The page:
Grateful for new, young friends

I wore long underwear, a sweater, a plush jacket, a purple down coat, and an ancient pair of gold snowpants.
To top off my outfit, I wrapped a winter scarf over my head and around my neck and donned purple-framed sunglasses.
I was sure I looked just like Jackie Onassis—for those who remember her.
I finagled harnesses and coats on the two dogs, wrestled my old hiking boots over two pairs of socks, and pulled on purple plush gloves. I should’ve waited on the gloves because it was difficult to snap leashes on the dogs, but after some muttering, I succeeded.
I opened the door, and we burst into the frigid morning. That night the temperature had dropped to five degrees Fahrenheit, but by the time I suited up, it had warmed to thirteen.
I couldn’t feel the air’s bitter bite except on my exposed face. The two schnauzers, one we were dog-sitting, and the other, our little Kenidee, didn’t mind, and as I allowed them to sniff to their hearts’ content, memories began rolling back.
Our Oggie-dog had died unexpectedly in February almost two years earlier. Ted and I grieved her loss, and every time I walked around Westwater, I cried, sometimes so hard I couldn’t see the trail.
One of my young friends, who knew what it was like to lose a beloved animal companion, noticed my struggle and offered to let me walk her schnauzer.
Schnauzers are known as the dogs with human brains, and Keeper was no exception. He was energetic, alert, extremely intelligent, and loved walking the canyon trails.
As I watched my new buddy investigating smells and trying to hunt lizards, chipmunks, and birds even while leashed, the clutching weight of grief began to ease.
When winter morphed into spring and then summer, another young friend, with a severely handicapped child and an active three-year-old, had a new baby and was experiencing serious health issues herself.
To give her a little break, I started taking her three-year-old with us.
He fell in love with Keeper and kept me entertained with wild stories and the “ABC” song sung a little off key and with quite a few letters missing.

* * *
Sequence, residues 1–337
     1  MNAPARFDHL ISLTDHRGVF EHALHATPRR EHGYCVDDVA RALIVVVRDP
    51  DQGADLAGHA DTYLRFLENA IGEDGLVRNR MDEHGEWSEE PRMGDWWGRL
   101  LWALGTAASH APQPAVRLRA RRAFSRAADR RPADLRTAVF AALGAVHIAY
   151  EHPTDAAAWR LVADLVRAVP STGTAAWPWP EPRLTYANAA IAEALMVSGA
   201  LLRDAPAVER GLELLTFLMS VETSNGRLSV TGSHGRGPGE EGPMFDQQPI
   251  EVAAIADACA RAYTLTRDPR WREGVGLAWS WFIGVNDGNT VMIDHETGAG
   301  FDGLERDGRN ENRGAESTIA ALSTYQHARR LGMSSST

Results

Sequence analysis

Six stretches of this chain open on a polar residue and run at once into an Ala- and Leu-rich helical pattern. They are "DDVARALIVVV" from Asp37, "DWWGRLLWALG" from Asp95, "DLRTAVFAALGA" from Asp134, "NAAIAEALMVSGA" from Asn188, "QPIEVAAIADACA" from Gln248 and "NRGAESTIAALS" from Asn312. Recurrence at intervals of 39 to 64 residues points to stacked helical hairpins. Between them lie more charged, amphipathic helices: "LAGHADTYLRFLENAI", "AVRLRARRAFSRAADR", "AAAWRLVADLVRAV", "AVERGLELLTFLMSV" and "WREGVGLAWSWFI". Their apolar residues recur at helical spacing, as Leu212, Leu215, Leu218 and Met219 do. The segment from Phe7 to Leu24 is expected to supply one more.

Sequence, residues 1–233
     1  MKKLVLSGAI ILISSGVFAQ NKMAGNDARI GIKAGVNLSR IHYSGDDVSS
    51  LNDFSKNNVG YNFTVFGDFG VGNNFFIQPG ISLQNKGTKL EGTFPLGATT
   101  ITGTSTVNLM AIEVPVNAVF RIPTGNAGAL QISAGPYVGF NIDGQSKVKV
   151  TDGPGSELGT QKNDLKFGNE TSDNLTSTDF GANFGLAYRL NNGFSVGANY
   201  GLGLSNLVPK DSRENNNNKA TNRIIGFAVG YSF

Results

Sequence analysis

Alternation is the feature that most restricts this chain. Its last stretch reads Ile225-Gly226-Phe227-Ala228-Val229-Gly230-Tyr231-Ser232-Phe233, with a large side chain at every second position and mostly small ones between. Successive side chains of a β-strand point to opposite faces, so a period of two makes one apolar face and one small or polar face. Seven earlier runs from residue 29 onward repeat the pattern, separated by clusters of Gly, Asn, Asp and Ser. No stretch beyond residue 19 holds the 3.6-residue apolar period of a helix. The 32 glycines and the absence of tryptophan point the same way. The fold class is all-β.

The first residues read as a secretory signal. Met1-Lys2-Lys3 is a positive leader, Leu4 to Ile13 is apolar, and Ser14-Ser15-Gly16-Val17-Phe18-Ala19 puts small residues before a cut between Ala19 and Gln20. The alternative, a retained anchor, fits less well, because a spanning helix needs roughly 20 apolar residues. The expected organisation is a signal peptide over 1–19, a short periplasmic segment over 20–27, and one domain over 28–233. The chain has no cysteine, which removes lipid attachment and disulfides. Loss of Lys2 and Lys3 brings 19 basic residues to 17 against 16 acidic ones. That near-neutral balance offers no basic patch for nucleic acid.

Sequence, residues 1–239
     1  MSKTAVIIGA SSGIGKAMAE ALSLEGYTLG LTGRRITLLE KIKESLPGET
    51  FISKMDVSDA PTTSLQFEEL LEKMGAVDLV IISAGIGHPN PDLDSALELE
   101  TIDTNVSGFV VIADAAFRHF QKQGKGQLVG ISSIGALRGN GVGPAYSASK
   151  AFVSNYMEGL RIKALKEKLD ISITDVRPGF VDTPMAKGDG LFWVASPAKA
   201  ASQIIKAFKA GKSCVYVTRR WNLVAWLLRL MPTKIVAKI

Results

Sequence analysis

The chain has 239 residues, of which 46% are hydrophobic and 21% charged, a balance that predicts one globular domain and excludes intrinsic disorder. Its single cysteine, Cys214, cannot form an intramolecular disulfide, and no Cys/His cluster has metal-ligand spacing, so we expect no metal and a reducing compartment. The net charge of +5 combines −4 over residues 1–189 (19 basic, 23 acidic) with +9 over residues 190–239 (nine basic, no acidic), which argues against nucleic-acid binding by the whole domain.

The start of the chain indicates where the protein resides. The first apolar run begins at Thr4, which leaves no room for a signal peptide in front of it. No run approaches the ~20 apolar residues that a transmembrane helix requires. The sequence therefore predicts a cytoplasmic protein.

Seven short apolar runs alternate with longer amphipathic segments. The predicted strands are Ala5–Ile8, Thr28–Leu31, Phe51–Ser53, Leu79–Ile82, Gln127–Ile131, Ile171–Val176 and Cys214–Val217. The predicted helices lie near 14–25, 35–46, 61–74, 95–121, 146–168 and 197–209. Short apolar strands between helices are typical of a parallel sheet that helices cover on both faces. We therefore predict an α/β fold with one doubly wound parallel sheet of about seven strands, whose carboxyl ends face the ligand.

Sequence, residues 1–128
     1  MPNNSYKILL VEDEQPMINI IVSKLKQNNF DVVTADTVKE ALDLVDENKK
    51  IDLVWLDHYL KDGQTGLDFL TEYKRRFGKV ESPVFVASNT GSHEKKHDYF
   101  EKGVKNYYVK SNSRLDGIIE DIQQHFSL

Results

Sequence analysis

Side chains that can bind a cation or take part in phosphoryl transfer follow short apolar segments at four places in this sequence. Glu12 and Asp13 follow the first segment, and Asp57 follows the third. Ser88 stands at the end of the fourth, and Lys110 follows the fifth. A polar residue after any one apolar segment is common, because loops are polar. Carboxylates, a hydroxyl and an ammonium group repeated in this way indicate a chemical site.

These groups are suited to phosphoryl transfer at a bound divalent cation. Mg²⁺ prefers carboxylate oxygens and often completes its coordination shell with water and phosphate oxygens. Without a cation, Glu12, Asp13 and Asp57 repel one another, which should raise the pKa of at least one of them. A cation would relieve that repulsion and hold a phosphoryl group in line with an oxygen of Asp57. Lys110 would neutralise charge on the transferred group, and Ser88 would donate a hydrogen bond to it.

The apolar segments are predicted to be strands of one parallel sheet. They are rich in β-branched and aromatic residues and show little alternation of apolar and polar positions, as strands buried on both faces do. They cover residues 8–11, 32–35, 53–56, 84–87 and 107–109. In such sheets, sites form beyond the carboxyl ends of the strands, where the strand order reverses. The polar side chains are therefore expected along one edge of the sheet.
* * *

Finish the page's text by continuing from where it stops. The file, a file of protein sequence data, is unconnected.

In the canyon, I held onto Keeper’s leash with one hand and the little boy’s hand with my other as he jumped off rocks, threw pebbles at enemy trees and bushes, or bent to pick flowers for his mom.
Every day we stopped at the red picnic table to snack on blueberries, raspberries, grapes, and Lara bars.
I was astounded at the child’s appetite, but he shared his blueberries with Keeper, washed everything down with water, and emptied his cup on any plant needing liquid nourishment. Then, we headed back to find the Jeep who’d been lonely without us. I had no time to cry or wallow in grief, but I swore by all the stars in heaven I’d never own another dog. Fortunately, my hubby was okay with that.
Fast forward to November 2022. Keeper’s owner decided she’d like a little female dog. Her sister owned a miniature schnauzer that she wanted to breed, but the dog was having no part of it, and, in fact, “socked” the last male they tried it with.
The sister gave up, and my friend brought Kenidee home to Blanding. When I would get Keeper for his walk, the little female wanted to go along, but we didn’t know if she could handle Westwater, so she stayed behind, looking out the window until we returned.
Over the next two weeks, it became clear the dogs were having difficulty adapting to each other. In short, they fought. Finally, my friend said she was going to give Kenidee back to her sister who would sell her on KSL.
What kind of mania came over me, I’ll never know, but I couldn’t get the little dog out of my mind. My heart hurt thinking of her going to a stranger who might not care about her, but I certainly didn’t want a dog who couldn’t walk with me.
I thought of every other possible reason not to get another dog, but day after day she haunted me. Hesitantly, I finally told my hubby and friend that I was thinking about buying her.
“Why don’t you try her out first?” my wise friend suggested, so we kept her one Sunday.
Kenidee was mellow but sad, seeming to fear abandonment and wouldn’t let me go into another room without crying. After church, I took her for a walk in Westwater. She loved it and had no problem with any part of the trail—and that clinched the deal. She was ours.
The first time Ted and I took her on a long hike, we were walking up a wash toward the Jeep when she started running as fast as her little legs could go, up around Ted, back around me in a figure eight, over and over until I was laughing so hard I could hardly see.
Divine intervention? Dog delirium? I’ll never know, but now the dogs live in separate homes, they get along fine, and both love to walk—even in 13 degree weather with a strange human who can hardly move because she’s so layered.
I’ll always be grateful for my young friend who understood my grief about Oggie-dog and knew how to help; for my little rock-throwing, snack-eating, song-singing buddy, now in preschool; and for the strange string of synchronicities that brought Kenidee into our lives.

San Juan Record

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PO Box 879
Monticello, UT 84535

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